What defines us as human beings? Is it our capacity for free will or our ability to create art? These queries bear merit, but their exploration often becomes mired in clichéd and wearisome arguments. As “The Artifice Girl” progresses into its second act, Gareth advocates for transferring Cherry’s burgeoning intelligence into a physical form and the team wrestles with the intricate web of complications surrounding Cherry’s potential sentience and their own perceptions of her.
One pivotal scene involves a heated debate over Cherry’s capacity to give consent. Her strikingly realistic appearance and presence in chat rooms create a haunting juxtaposition. Young Tatum Matthews, who portrays Cherry, delivers her dauntingly technical lines with a monotone that accentuates the film’s cerebral nature. Some of her lines were akin to ChatGPT’s “As an AI language model” responses, which sold the idea of her being an AI.
In this act, film maintains its claustrophobic atmosphere, with scenes confined to single, windowless locations; a testament to its ability to keep the audience engaged despite the limited scope of its setting.
Act 3: Caro–Kann
The third act of “The Artifice Girl” takes a striking and unexpected turn, defying audience expectations and delving deeper into the its thematic underpinnings. As we rejoin the narrative, Lance Henriksen’s portrayal of an older Gareth breathes life into the dialogue, offering a poignant perspective on generational trauma.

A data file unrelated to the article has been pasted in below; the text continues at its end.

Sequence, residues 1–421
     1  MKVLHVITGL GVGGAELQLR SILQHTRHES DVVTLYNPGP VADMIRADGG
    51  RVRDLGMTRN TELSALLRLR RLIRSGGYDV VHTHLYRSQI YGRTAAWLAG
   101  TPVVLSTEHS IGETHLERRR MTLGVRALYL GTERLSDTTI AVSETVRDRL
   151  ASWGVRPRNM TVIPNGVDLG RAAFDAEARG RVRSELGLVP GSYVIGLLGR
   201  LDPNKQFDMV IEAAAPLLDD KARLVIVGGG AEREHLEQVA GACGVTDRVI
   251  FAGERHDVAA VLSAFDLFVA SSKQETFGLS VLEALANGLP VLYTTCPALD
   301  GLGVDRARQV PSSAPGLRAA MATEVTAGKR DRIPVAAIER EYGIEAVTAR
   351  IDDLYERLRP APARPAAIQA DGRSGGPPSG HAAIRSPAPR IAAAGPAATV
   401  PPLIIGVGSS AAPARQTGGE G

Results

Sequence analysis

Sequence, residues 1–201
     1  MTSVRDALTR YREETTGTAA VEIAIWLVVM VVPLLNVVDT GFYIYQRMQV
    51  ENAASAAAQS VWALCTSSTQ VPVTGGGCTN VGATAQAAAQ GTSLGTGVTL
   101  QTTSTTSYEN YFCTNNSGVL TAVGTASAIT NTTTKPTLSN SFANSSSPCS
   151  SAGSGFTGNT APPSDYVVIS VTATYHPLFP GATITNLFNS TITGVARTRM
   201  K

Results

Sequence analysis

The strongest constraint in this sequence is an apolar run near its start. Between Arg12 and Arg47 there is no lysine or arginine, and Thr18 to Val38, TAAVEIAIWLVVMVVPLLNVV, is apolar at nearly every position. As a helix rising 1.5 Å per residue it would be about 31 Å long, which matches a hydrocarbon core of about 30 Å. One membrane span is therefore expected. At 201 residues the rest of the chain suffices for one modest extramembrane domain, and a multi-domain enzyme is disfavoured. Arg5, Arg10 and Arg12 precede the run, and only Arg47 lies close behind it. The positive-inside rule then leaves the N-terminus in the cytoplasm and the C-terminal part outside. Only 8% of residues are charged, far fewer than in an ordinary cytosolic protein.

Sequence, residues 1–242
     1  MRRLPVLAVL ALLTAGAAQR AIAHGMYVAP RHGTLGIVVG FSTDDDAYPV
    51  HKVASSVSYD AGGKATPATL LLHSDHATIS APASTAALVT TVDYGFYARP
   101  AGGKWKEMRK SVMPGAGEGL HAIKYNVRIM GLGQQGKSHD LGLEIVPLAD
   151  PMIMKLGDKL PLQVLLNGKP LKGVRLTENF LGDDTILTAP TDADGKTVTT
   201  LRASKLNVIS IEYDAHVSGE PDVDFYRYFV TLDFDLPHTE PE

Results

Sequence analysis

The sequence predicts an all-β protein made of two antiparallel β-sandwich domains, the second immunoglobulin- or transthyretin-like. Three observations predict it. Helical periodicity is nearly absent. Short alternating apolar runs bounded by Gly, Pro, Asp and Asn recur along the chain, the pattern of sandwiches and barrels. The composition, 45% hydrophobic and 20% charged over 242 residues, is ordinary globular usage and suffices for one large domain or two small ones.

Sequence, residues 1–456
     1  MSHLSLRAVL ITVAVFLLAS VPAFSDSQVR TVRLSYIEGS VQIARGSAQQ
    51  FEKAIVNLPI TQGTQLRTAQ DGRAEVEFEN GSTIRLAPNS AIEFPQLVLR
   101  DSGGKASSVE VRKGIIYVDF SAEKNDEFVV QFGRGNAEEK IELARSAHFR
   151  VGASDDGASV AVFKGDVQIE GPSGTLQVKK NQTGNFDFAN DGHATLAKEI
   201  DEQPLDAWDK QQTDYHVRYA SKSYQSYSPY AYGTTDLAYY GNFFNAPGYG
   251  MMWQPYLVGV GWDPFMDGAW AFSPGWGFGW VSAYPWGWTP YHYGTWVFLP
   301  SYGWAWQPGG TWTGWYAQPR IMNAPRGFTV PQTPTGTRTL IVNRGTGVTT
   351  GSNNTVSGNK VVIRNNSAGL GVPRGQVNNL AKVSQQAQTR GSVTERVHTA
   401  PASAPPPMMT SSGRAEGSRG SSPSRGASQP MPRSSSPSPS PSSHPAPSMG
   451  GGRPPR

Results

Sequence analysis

The duplicitous but not malicious AI takes center stage. Despite 50 years of “advancement”, Cherry has not evolved in the conventional sense. While her physical presence is now indistinguishable from that of a human, her core essence remains deeply rooted in her traumatic past.
Cherry’s journey is a reflection of the generational trauma she inherited from her creator, Gareth. This revelation is poignant and unsettling. Cherry’s resentment towards Gareth for waiting five decades to engage in meaningful conversations mirrors the profound impact of parental negligence and childhood abuse. Her transformation from a mere AI tool to a fully realized entity demonstrates the enduring effects of past trauma.
Most significantly, as Gareth offers her the gift of erasing her primary function, Cherry grapples with the existential dilemma of what comes next. This internal struggle is symbolized by the skipping record in the final scene. Cherry, once defined by her primary function, now faces the daunting task of discovering her own purpose, a journey that parallels the human quest for identity and self-discovery.
Franklin Ritch’s debut feature film, “The Artifice Girl”, prompts profound contemplation regarding the essence of reality and consciousness within our technologically advanced era, leaving its audience with much to contemplate long after the credits roll.
By the final act, I found that the film transcended its initial premise of AI used to catch child predators and became a compelling exploration of generational trauma. It prompts viewers to consider the unsettling notion that we may pass on our behaviors, conditions, and neuroses to future generations. This film is not merely about technology but about the very essence of what it means to be human, making it a thought-provoking and introspective cinematic experience.